Saturday, 10 March 2012

'The Remains of the Day' by Kazuo Ishiguro (1989)

Synopsis: Stevens is an English butler who has dedicated his life to the service of his employer Lord Darlington and now to the service of his current employer Mr Farraday. Stevens then receives a letter from a former colleague, Miss Kenton. Stevens suspects that Miss Kenton is unhappily married so he sets out to take a "motoring trip" to visit her, and to encourage her to seek employment with Mr Farraday. Along the way Stevens begins to reminisce about his past.

The Remains of the Day is a very engaging and poignant read. There are one or two amusing scenes in it - e.g. the parts where Stevens attempts to improve his bantering technique - but it's a very sad book on the whole and the ending is heartbreaking. I think Stevens is quite an interesting narrator despite the fact that he's so reserved. You can admire him for his determination and his devotion to his duty, but the fact that he never reveals his emotions for fear of losing his dignity is just tragic.

The only real fault that I have with this book is that Ishiguro's way of holding things back and getting the reader to work out what's going on by reading in between the lines didn't really work when it came to Stevens's relationship with Miss Kenton. There is very little on the page for the reader to understand how Miss Kenton can fall in love with a man who constantly criticises her and keeps her at a professional distance. That said, I think this is a beautifully-written novel and I can definitely see why it won the Booker Prize. It's a much better book than Never Let Me Go too - the only other Ishiguro book I've read.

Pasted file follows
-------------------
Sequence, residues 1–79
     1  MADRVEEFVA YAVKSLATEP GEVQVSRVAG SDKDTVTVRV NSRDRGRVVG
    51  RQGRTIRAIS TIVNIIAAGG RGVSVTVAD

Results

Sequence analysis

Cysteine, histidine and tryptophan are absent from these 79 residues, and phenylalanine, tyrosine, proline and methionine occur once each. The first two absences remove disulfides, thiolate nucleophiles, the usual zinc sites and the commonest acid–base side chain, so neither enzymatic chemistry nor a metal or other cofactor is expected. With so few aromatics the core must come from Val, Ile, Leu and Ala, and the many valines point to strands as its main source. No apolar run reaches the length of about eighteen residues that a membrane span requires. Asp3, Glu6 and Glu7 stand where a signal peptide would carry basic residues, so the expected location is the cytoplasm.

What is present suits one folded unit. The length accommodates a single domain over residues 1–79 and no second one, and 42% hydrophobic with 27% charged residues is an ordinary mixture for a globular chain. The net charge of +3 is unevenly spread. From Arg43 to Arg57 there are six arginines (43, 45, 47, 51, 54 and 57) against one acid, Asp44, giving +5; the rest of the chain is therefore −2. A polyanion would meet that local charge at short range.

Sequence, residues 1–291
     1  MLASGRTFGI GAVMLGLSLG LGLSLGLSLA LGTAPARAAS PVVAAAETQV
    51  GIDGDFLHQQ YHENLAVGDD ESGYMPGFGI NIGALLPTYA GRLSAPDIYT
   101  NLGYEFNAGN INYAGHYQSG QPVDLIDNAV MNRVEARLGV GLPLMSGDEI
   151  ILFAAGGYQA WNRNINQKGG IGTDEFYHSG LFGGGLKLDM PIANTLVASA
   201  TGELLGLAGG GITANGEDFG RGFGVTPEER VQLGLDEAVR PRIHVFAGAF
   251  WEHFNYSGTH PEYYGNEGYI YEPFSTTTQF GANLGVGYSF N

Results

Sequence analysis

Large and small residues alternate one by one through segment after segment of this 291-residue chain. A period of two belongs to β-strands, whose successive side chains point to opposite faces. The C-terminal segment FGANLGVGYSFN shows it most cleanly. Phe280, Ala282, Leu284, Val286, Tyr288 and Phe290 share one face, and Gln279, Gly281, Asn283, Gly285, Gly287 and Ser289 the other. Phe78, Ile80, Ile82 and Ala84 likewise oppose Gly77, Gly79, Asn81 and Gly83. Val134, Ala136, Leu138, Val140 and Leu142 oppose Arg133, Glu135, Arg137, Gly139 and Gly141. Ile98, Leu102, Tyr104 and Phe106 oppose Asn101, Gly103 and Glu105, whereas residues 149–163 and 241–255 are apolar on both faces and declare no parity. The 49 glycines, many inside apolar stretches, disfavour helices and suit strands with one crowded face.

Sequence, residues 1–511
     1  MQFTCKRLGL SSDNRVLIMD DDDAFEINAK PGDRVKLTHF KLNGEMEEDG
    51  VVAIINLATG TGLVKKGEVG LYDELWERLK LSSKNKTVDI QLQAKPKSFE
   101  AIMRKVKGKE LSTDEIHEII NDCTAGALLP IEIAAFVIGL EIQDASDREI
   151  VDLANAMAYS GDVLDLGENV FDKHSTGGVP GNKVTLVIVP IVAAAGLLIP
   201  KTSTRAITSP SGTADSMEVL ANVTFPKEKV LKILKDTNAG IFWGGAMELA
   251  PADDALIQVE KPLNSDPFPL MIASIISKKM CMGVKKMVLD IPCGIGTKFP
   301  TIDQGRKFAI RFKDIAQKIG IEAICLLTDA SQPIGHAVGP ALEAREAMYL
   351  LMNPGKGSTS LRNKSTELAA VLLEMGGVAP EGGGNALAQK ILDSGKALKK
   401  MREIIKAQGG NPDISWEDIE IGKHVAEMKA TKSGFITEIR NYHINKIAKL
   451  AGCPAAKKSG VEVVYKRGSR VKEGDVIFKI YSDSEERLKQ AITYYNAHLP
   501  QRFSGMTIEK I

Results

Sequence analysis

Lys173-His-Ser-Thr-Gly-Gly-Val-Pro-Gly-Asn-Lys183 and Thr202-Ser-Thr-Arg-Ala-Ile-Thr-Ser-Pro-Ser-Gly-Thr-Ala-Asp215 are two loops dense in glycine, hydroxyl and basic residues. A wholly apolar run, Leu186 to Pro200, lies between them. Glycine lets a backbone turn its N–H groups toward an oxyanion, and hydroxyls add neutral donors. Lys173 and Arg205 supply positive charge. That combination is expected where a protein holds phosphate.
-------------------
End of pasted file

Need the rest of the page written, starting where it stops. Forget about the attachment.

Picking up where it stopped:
Rating: 4/5


Anonymous said...

I loved this book! It's just so beautifully written. The part where his father dies and he just carries on working was so sad that it actually made me cry a little bit (which was embarrassing as I was reading it on the train).
I didn't get the relationship with Miss Kenton for a while but I think Ishiguro does a fantastic job of letting you work things out gradually. To do that and at the same time make a book where nothing happens, with such reserved characters, so interesting is a highly impressive achievement. It's so easy to get that sort of thing all wrong *cough* Great Gatsby *cough*
Very much looking forward to seeing the film now which I hear is also very good.

Indigo Montoya said...

Yes, that particular scene is probably the saddest in the entire book. The final few pages are really sad too. The Remains of the Day is definitely one of the better books I had to read at uni. You'd have enjoyed the seminar where we discussed it. One girl was convinced that Miss Kenton was a closet lesbian which was pretty funny ("Come on! She gets all upset when "her girls" get sacked! And how on earth could she be in love with Stevens?!") I have heard that the film is excellent as well. It got nominated for loads of Oscars although it didn't win anything.